US supplier SAFC has teamed up with Pfenex in a partnership focused on the production of therapeutic proteins and vaccine components.
The non-exclusive collaboration will see Pfenex engineer bacterial strains and develop production processes for SAFC’s customers as part of its contract manufacturing business.
SAFC, the fine chemicals unit of Sigma-Aldrich, will then transfer the processes to its recently expanded current good manufacturing practices (cGMP) quality production facility in Jerusalem, Israel.
In addition, Pfenex will work with SAFC on the production of vaccine components and development of conjugate vaccines through its Reagent Proteins division.
Pfenex spokeswoman Cassidy Brady told Outsourcing-pharma.com that: “The SAFC strategic partnership will focus on identifying customers seeking the total solution, from the design and engineering of a robust production strain, process development and scale up and cGMP production.
“SAFC is offering to subsidize a portion of the upfront costs of strain engineering on behalf of the customer in return for a cGMP manufacturing commitment.
Under the deal Pfenex will receive fees for its strain engineering and process development work as well as licensing fees from SAFC for access to the expression technology.
The SAFC deal is similar to an agreement Pfenex signed with the contract manufacturing wing of Boehringer Ingelheim in February and is further evidence of the platform’s flexibility according Brady.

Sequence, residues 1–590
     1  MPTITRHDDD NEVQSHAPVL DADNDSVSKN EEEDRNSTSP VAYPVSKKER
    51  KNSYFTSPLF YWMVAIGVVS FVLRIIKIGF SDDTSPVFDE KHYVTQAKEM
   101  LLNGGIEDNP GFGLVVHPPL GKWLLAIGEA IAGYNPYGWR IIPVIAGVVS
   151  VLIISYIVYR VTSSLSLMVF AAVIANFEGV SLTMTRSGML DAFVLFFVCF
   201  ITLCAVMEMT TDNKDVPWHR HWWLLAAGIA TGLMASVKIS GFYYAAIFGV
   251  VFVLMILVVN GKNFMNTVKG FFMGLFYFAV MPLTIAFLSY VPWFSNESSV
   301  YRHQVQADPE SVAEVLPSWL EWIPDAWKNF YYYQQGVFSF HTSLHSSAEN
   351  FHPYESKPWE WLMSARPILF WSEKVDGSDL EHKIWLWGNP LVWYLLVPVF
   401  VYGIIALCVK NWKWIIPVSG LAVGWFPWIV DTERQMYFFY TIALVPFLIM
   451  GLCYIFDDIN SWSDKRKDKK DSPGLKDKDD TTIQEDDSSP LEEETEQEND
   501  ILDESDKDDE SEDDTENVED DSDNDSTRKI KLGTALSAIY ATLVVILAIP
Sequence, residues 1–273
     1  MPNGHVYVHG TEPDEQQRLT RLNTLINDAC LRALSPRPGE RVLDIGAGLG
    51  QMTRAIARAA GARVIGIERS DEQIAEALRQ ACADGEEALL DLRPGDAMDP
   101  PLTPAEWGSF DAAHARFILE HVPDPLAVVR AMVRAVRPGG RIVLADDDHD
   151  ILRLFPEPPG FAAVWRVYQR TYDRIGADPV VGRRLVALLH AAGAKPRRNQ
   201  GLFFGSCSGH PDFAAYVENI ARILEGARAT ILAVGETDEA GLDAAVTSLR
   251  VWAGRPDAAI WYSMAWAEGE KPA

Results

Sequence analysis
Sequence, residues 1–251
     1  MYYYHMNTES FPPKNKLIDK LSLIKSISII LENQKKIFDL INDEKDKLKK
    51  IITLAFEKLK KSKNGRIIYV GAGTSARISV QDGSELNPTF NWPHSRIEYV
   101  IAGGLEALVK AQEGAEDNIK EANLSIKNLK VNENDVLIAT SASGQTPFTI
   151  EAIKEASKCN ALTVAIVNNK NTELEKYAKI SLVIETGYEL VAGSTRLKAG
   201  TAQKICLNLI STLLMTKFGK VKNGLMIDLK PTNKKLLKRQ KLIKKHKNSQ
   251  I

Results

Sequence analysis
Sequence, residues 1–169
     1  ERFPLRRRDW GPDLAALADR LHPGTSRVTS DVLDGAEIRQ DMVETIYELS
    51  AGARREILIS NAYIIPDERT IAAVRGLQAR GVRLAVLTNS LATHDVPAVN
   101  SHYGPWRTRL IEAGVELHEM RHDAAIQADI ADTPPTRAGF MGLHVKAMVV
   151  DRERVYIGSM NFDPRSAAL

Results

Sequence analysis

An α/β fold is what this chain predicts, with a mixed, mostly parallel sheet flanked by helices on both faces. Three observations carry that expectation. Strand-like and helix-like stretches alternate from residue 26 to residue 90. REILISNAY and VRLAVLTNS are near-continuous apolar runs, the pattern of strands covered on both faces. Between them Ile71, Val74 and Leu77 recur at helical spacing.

“Given the rapid adoption of the Pfēnex Expression Technology by large pharma and small biotech companies it behooves CMO’s to add Pfēnex to their portfolio of technologies.”
Pfenex’ approach uses a Pseudomonas fluorescens-based platform technology that, the firm claims, can rapidly produce difficult to express proteins using the concept of parallel processing to expression strain development.
Instead of traditional linear development method, Pfenex’ model allows construction and testing of thousands of unique expression strains combining novel gene expression strategies and host cell phenotypes within five weeks.
This is a distinct advantage according to Cassidy, who claimed the platform has a 90 per cent rate in expressing proteins that have not previously been produced in other systems.
“In addition“ she continued “the high titers of soluble active protein that are routinely achieved… enable CMO’s to more efficiently utilize their manufacturing assets and also avoid the need to maintain equipment for refolding insoluble protein.”